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Current Neurovascular Research


ISSN (Print): 1567-2026
ISSN (Online): 1875-5739

Research Article

Simple Electric Device to Isolate Nucleic Acids from Whole Blood Optimized for Point of Care Testing of Brain Damage

Author(s): Mi Jung Bae, Young Mi Lee, Ye Seul Choi, Eunmi Lee, Minh Tan Le, Thi Hong Duc Nguyen, Donghyeon Lee, Junghwan Cho, Hyung Soo Han*, Nora Jee-Young Park and Gun Oh Chong

Volume 19, Issue 3, 2022

Published on: 07 October, 2022

Page: [333 - 343] Pages: 11

DOI: 10.2174/1567202619666220903105805

open access plus


Background: Detection or monitoring of brain damage is a clinically crucial issue. Nucleic acids in the whole blood can be used as biomarkers for brain injury. Polymerase chain reaction (PCR) which is one of the most commonly used molecular diagnostic assays requires isolated nucleic acids to initiate amplification. Currently used nucleic acid isolation procedures are complicated and require laboratory equipments.

Objective: In this study, we tried to develop a simple and convenient method to isolate nucleic acids from the whole blood sample using a tiny battery-powered electric device. The quality of the isolated nucleic acids should be suitable for PCR assay without extra preparation.

Methods: A plastic device with separation chamber was designed and printed with a 3D printer. Two platinum electrodes were placed on both sides and a battery was used to supply the electricity. To choose the optimal nucleic acid isolation condition, diverse lysis buffers and separation buffers were evaluated, and the duration and voltage of the electricity were tested. Western blot analysis and PCR assay were used to determine the quality of the separated nucleic acids.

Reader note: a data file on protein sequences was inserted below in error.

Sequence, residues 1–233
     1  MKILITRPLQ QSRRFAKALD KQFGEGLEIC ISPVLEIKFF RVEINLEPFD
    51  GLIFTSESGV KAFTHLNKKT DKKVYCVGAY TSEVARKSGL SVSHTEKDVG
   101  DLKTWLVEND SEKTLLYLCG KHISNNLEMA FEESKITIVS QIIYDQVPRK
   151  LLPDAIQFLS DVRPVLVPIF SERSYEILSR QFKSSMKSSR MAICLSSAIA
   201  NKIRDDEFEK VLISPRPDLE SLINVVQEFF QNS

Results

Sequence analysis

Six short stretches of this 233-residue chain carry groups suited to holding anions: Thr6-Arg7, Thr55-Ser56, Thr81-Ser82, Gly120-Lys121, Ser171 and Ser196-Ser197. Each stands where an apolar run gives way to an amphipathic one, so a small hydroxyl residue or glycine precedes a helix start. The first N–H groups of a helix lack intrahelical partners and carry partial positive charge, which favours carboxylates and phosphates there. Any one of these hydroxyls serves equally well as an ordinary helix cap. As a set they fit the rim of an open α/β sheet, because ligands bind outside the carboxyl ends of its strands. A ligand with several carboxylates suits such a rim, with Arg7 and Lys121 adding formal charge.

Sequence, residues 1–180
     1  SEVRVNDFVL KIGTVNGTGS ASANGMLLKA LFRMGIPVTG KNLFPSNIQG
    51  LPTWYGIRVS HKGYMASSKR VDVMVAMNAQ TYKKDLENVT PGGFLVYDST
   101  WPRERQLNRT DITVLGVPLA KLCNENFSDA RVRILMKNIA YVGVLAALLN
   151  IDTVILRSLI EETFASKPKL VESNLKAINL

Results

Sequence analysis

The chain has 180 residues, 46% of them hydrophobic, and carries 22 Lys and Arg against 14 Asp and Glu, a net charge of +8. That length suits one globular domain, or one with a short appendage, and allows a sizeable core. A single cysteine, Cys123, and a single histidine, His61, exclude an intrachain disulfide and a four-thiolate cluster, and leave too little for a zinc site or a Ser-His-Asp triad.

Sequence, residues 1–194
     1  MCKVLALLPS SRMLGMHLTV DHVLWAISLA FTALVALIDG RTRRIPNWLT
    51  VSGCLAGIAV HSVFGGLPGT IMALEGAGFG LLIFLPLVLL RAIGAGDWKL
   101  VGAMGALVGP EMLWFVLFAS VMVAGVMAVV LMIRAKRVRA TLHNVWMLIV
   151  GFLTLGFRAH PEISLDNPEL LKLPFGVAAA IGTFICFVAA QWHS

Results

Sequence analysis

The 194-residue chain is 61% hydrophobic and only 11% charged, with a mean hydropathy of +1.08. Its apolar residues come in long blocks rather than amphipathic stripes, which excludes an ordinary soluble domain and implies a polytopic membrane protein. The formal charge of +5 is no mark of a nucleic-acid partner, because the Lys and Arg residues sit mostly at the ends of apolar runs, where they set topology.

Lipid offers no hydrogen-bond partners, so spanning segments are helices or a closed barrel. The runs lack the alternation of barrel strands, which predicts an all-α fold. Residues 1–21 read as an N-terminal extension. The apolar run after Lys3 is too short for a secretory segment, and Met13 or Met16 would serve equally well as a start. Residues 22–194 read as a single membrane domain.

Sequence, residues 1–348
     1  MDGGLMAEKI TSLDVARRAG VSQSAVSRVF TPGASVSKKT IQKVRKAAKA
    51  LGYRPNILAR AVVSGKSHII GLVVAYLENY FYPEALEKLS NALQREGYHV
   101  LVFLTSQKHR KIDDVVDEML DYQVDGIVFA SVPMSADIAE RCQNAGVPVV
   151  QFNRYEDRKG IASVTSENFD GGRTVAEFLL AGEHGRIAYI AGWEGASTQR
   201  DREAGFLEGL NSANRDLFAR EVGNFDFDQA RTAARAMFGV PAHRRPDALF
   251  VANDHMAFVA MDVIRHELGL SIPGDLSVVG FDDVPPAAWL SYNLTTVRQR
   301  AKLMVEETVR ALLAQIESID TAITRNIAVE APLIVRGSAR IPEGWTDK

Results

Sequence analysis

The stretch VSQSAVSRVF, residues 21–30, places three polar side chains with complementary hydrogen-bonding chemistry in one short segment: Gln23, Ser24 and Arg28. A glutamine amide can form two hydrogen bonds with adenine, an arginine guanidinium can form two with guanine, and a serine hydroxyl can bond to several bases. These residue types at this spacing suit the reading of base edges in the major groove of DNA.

Results: 2ul of whole blood was applied to the cathode side of the separation chamber containing 78 ul of normal saline. When the electricity at 5 V was applied for 5 min, nucleic acids were separated from segment 1 to 3 of the separation chamber. The concentration of nucleic acids peaked around 7~8 mm from cathode side. PCR assay using the separation buffer as the template was performed successfully both in conventional and realtime PCR methods. The hemoglobin in the whole blood did not show the inhibitory effect in our separation system and it may be due to structural modification of hemoglobin during electric separation.

Conclusion: Our simple electric device can separate nucleic acids from the whole blood sample by applying electricity at 5 V for 5 min. The separation buffer solution taken from the device can be used for PCR assay successfully.

Keywords: Point of care test, whole blood, nucleic acid, electric device, brain damage, molecular diagnosis.

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